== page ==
MediaWatch: May 1996
Table of Contents:
Media Clique Clap for Clinton
When Americans went to the polls in 1992, 43 percent voted for Bill Clinton and 38 percent for George Bush. But the results were very different in another America, the news media's Washington bureaus. A poll of 139 bureau chiefs and congressional reporters discovered 89 percent pulled the lever for Clinton and seven percent picked Bush.
In mid-April the Freedom Forum released a report examining media-congressional relations. Buried in the appendix were "a few final questions for classification purposes only." These were part of a 58 question Roper Center survey completed by mail in November and December 1995.
Asked "How would you characterize your political orientation?" 61 percent said "liberal" or "liberal to moderate." Only nine percent labeled themselves "conservative" or "moderate to conservative." The poll also found that 59 percent considered the Contract with America "an election-year campaign ploy" while only three percent thought it was "a serious reform proposal." A decisive 85 percent admitted they were "very" or "somewhat" surprised by the 1994 GOP win.
So do these views affect the news? Study chief and former Chicago Tribune reporter Elaine Povich told the April 18 Washington Times: "One of the things about being a professional is that you attempt to leave your personal feelings aside as you do your work." Boston Globe Editor Matthew Storin insisted on CNN's Reliable Sources April 21: "I think, actually, those figures are a great endorsement for the professionalism of our business. Has anyone looked at the coverage of Bill Clinton's administration? I mean, it's been, almost from the get-go, negative."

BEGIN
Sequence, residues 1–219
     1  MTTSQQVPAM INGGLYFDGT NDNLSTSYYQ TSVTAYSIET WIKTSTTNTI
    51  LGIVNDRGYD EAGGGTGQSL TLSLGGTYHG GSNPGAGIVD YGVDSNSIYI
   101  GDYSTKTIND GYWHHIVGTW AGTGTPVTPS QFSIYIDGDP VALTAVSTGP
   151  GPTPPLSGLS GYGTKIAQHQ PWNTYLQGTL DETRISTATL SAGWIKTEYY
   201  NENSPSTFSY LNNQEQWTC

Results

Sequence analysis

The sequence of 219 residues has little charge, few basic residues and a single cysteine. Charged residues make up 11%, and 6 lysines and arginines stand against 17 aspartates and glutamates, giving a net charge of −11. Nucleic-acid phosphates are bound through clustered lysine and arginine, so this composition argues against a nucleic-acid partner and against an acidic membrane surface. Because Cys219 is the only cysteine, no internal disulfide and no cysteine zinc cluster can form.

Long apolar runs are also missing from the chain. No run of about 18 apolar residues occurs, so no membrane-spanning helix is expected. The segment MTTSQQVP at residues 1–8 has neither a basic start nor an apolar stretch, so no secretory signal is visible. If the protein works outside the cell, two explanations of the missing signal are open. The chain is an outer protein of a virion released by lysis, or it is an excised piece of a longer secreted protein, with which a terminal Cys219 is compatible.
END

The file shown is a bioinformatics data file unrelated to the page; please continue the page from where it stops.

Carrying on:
On the April 28 Fox News Sunday Linda Chavez opined that people realize reporters' personal views influence their reporting, prompting Wall Street Journal Executive Washington Editor Al Hunt to coun-ter: "If that poll is correct, it basically reaffirms the argument that Linda just argued against. Which is, would anyone argue that Bill Clinton has gotten an easy press the last three years? If 89 percent voted for him, he's gotten an awfully tough press." Later he asked incredulously: "You think his health care proposals got a good press?"
One reporter on the CNN show realized the impact. The Washington Post's Howard Kurtz explained: "Clearly anybody looking at those numbers, if they're even close to accurate, would conclude that there is a diversity problem in the news business, and it's not just the kind of diversity we usually talk about, which is not getting enough minorities in the news business, but political diversity, as well. Anybody who doesn't see that is just in denial." Indeed.